It was like a scene from the North – South Korean border…
My daughter stood there with furrowed brow and eyes that were throwing daggers at her mother. She was sporting a furious pout and her hands were crossed. Her mother, the other side of the virtual 38th parallel was standing there with her hands on her hips and head slightly cocked.
I was staying well out of it. There are often civilian casualties when war breaks out and I was just cowardly enough to make sure I wasn’t going to be one of them.
“Go to your room and think about what you’ve done!” my wife demanded.
Meri, my five year old going on seventeen, stood there and stamped her foot. “Aaarrrrggghhhh!” she screamed and stormed past her mother into her room. For good measure, she slammed the door.
Clare, looked at me. “That’s a horrible noise. Where has she learnt that?”
I tried to look a little less sheepish and looked around me innocently, studiously avoiding the question.
Clare picked up on my non answer. She looked me in the eye and, adrenalin still pumping from her recent showdown with our daughter looked me in the eye. “What?” she challenged.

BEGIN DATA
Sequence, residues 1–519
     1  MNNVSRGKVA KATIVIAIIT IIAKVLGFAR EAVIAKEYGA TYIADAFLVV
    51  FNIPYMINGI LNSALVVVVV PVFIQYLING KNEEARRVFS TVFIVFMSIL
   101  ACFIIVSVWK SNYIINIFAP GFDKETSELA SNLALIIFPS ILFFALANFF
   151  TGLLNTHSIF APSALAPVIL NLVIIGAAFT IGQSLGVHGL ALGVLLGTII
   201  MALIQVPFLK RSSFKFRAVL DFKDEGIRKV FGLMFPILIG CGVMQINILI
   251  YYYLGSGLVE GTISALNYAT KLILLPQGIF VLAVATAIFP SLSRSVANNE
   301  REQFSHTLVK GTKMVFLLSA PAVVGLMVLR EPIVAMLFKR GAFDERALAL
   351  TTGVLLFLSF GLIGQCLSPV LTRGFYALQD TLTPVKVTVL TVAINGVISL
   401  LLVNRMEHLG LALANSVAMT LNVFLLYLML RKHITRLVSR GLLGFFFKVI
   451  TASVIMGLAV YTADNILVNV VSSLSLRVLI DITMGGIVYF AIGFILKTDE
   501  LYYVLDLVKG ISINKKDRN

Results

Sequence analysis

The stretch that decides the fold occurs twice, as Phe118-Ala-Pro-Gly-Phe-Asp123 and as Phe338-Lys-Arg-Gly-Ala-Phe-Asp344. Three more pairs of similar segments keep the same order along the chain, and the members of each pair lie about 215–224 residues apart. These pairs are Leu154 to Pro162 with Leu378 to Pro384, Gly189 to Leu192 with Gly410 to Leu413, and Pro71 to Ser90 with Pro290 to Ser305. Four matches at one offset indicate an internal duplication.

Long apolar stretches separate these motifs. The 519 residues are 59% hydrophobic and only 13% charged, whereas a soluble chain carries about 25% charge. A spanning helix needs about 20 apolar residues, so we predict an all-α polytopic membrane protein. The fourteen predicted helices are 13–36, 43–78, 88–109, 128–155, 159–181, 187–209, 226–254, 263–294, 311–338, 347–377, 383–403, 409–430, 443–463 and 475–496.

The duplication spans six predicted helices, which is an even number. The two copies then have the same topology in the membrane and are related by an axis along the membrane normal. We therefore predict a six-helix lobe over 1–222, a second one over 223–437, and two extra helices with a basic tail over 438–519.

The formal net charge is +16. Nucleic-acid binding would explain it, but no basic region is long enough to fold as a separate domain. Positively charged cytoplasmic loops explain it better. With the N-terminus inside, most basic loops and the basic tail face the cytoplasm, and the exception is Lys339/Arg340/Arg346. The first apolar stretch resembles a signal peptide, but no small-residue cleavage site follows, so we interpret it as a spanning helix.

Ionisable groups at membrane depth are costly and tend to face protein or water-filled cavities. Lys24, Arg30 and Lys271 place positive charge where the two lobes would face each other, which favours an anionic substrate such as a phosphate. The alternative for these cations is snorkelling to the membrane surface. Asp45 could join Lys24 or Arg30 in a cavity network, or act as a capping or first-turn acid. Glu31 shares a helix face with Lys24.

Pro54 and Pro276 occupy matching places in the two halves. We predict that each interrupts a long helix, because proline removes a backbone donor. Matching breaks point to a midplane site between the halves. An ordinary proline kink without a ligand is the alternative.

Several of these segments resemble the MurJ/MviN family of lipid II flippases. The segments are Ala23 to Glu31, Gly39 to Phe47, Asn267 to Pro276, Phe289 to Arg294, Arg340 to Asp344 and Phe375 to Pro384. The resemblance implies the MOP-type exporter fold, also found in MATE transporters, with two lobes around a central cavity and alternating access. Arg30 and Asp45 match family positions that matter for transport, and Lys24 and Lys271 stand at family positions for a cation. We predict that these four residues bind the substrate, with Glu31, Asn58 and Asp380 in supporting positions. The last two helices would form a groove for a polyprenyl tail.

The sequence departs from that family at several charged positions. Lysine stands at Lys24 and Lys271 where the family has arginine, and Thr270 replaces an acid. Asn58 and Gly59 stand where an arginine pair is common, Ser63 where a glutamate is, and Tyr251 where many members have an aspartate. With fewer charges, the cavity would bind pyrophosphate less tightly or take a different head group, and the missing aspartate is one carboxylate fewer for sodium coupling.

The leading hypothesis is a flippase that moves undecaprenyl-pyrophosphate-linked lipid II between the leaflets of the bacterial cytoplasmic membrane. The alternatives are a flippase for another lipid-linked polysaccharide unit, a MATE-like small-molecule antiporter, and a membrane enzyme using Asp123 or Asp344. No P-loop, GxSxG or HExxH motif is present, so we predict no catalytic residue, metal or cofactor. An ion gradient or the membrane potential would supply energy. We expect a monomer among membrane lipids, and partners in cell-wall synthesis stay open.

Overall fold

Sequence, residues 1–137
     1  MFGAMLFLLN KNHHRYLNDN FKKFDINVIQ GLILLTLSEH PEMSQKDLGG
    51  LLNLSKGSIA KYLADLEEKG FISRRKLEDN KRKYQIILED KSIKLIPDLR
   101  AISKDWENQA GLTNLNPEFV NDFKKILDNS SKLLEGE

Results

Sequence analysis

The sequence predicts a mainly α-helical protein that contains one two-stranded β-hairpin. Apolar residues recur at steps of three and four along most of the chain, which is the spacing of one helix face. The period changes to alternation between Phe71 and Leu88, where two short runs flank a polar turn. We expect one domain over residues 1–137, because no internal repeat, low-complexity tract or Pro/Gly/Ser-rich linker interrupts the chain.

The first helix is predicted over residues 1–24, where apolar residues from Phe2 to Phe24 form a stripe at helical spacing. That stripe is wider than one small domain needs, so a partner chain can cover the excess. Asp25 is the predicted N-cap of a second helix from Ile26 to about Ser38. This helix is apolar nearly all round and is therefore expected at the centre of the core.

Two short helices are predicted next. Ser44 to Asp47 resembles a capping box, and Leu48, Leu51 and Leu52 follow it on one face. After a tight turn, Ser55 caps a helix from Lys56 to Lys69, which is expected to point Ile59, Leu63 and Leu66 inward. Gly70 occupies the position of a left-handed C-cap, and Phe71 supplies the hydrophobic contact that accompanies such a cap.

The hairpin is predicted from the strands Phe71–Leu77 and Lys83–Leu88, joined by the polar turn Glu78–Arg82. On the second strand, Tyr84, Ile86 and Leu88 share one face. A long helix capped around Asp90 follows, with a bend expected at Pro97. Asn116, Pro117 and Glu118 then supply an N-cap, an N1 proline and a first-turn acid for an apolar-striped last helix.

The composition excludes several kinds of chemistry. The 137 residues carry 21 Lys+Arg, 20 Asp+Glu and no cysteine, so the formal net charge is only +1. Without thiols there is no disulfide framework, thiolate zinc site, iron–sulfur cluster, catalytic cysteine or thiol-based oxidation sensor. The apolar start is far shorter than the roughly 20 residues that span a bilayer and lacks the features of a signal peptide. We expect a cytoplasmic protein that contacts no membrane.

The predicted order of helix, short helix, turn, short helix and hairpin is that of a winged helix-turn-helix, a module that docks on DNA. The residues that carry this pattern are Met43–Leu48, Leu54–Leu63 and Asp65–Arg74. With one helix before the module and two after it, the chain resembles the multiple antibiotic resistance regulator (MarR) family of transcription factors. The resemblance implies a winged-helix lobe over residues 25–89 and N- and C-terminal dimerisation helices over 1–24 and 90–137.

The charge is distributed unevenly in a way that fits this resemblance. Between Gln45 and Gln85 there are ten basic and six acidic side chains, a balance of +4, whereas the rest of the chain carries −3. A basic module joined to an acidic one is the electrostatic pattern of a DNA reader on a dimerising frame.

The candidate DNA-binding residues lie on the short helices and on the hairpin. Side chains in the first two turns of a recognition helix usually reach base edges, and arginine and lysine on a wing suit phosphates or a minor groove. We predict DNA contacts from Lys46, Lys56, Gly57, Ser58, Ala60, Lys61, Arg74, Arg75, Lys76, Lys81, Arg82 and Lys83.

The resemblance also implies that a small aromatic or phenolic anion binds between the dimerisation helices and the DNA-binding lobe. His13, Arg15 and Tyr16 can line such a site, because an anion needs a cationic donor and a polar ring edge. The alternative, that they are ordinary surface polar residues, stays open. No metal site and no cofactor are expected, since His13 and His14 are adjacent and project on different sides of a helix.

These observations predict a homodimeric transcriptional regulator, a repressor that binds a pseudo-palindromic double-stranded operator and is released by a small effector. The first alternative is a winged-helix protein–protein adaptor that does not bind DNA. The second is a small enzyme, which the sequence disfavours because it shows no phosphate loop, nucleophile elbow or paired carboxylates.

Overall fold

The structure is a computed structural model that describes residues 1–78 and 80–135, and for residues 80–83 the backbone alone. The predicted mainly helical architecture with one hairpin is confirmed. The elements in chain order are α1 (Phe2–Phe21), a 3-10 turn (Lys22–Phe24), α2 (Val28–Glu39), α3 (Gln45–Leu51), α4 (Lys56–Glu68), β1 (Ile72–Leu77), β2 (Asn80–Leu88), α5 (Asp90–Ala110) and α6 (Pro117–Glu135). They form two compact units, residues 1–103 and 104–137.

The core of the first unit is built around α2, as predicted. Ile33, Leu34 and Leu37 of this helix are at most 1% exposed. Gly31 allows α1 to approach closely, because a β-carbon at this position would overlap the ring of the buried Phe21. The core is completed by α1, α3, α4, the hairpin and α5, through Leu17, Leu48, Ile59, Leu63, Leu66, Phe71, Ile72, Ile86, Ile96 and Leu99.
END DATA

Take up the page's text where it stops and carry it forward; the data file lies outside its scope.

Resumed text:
“It’s the noise you make when you’re frustrated. She’s learnt that from you.”
“I do not!” protested Clare. I shrugged my shoulders.
Two days later we were in the car driving to a local country park. Clare was in the passenger seat beside me fiddling with her work phone.
“The damn thing isn’t sending any e-mails.” Furious pressing the touchscreen. “I need to respond to this mail!”
More, even more frantic pressing. “Aaarrrrggghhhh!” she groaned. “Why does this stuff never work when you need it to!”
I looked at the kids in the back of the car. “Arun, Meri. What does mummy say when she’s angry?”
They both grinned, sensing the mischief I was making.
““Aaarrrrggghhhh!” they both chorused, grinning manically.
I looked at Clare. Now it was her turn to narrow her eyes and throw daggers at me.
“Sorry,” I said.
My children, however, weren’t sorry. They were having a ball. “Aaarrrrggghhhh!” they carried on although Arun’s noise now sounded more like a dinosaur, “Raaaaaahhhhhh!” That was in between the giggles that is.
Clare’s look became ever more frosty. The daggers were about to turn into hand grenades. I felt I was about to become a casualty of war.
The views expressed in this blog are solely those of the blogger and do not necessarily represent the views of Dad.info.